AN INSPIRATIONAL Bolton born climber who was left paralysed by an accident during an extreme feat now says it was the best thing that ever happened to him.

Paul Pritchard says in the 20 years since the catastrophe he has learned acceptance, determination and patience.

He was climbing the Totem Pole in Tasmania, Australia, on February 13, 1998 when a loose rock smashed against his head.

He had to spend the next seven hours alone on a ledge waiting for help to come.

He was eventually taken by helicopter to a hospital in Hobart where he was placed in an induced coma for five days and stayed in the hospital for six weeks.

He was flown back to the UK and was taken to a hospital on the Wirral.

The accident left him unable to walk and talk for some time and he is still unable to move his right side to this day.

But two years ago, the 50-year-old who grew up in Barrow Bridge and fostered his love of climbing in quarries in and around Bolton, managed to climb the Totem Pole again.

And today, as he has done every year since he moved to Tasmania in 2002, Mr Pritchard will visit the Totem Pole.

He has overcome many challenges to get to this point.

Mr Pritchard said: “In the months after the accident I got very depressed and I didn’t know what the hell I was going to do with myself.

“I couldn’t walk, I was in a wheelchair for a year. I couldn’t talk for most of that time. I couldn’t dress myself or feed myself.”

Through rehabilitation he eventually managed to get his mobility back and moved back to Tasmania.

Mr Pritchard said: “I think the rock hit me on the head in such a way that it didn’t damage the part of my brain that was responsible for motivation.

“I know a lot of people from my time in rehab and my time in the groups and from specialists that some people aren’t so lucky.”

When he climbed the Totem Pole in April, 2016 he used a rope climbing technique he had developed himself and achieved the feat with the help of a team.

Mr Pritchard said: “Nine people helped carry the equipment and and climbing gear and the camping gear. Without them I would not have been able to do it.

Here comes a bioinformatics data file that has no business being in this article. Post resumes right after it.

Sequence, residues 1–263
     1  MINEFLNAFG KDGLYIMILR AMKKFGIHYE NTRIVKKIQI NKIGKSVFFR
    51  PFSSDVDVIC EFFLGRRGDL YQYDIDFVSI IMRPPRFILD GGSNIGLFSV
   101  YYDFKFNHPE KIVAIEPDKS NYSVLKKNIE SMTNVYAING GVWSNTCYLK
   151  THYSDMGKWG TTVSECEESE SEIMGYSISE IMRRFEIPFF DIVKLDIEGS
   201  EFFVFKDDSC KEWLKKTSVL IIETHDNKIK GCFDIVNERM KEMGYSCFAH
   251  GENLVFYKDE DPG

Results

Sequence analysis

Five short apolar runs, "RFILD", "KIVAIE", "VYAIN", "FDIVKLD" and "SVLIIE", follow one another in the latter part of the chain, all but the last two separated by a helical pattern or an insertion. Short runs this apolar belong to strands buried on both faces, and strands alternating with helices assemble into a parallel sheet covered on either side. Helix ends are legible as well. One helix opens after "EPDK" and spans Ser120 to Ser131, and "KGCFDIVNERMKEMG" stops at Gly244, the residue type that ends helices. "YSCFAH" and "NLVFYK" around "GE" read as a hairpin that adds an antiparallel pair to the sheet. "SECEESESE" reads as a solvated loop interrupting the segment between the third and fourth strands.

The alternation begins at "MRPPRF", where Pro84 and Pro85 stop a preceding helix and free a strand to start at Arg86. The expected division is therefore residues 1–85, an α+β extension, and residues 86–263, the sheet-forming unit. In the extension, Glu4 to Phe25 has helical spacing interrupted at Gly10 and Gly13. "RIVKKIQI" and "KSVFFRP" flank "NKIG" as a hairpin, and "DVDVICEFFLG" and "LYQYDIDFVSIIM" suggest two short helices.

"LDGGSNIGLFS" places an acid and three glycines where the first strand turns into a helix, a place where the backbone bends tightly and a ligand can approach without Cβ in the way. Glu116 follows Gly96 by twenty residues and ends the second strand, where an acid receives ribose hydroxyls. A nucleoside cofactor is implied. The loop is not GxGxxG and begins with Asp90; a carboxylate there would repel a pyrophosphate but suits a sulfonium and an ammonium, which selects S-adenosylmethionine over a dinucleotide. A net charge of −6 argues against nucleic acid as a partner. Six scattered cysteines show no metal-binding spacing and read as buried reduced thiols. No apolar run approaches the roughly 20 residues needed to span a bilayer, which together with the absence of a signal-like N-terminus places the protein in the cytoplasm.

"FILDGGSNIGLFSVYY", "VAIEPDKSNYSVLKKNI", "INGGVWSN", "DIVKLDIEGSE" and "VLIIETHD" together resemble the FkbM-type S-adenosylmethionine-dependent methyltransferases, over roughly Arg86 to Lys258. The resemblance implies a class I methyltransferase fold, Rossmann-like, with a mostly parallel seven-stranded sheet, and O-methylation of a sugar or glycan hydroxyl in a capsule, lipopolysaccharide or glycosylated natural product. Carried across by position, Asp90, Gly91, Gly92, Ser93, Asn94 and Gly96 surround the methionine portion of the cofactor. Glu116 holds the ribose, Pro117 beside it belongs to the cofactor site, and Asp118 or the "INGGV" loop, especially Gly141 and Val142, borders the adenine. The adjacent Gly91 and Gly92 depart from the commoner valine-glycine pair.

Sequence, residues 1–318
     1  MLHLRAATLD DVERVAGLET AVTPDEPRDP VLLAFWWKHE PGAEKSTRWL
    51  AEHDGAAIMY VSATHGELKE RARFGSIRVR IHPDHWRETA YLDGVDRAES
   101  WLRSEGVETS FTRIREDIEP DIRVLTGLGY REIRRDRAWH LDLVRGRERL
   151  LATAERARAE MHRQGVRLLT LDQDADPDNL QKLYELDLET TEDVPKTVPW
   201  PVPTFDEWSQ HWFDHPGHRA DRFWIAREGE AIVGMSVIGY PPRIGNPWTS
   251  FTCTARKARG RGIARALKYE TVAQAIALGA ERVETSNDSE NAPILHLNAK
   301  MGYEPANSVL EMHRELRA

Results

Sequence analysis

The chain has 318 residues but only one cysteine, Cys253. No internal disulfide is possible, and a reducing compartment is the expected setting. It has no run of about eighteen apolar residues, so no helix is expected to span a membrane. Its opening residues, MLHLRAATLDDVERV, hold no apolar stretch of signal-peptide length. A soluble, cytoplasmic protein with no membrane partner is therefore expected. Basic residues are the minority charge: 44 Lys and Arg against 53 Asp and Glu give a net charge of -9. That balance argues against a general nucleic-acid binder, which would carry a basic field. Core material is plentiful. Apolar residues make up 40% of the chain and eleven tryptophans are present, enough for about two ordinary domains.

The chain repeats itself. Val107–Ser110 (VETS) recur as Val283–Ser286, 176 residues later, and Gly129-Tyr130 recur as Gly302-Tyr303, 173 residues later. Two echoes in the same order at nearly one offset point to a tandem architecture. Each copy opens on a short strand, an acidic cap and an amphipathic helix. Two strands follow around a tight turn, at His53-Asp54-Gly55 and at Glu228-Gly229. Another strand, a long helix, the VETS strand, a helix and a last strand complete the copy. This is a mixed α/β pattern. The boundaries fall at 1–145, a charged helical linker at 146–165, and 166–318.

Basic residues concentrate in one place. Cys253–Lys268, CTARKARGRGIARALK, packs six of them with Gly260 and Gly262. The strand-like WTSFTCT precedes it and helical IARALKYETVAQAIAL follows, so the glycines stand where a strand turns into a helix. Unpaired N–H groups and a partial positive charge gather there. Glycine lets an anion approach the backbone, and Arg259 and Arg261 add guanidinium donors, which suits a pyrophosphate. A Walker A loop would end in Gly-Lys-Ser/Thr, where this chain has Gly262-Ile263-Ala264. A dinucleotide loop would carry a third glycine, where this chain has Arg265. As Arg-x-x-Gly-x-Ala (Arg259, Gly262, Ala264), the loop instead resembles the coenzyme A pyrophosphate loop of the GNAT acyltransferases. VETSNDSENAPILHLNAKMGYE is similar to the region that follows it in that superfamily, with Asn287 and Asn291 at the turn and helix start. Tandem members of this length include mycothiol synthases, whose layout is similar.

“I think everybody needs support in some way and I do believe that with support everybody is capable of quite amazing things.

“There is this ethos around doing it on your own and independence but nobody is totally independent, I really believe that.”

He now works for the Australian government going into schools and giving talks on disability, but still likes to go on adventures.

Last year, along with four other men with significant disabilities Mr Pritchard cycled a tandem tricycle from the lowest point in Australia at Lake Eyre which is below sea level to the summit of Mount Kosciuszko, 2,228 metres above sea level.

It was the first time the 2,100-kilometre journey had ever been completed and a documentary was made during the process.

Mr Pritchard, who has three children, said: “I took a while to accept what had happened to me.

“I always say my injury is the best thing that ever happened to me.

“A lot of people find that hard to believe. How can such a catastrophic injury be the best thing that has ever happened to you?

“It taught me acceptance, it taught me determination and patience. Everybody faces these challenges at one point in their life.”

Mr Pritchard has written three books about his experiences climbing and last returned to Bolton in 2016, when his mother, Jean Allen, turned 80.

He said: “I love Bolton and its people and it will always have a massive soft spot for Bolton, that is for sure.”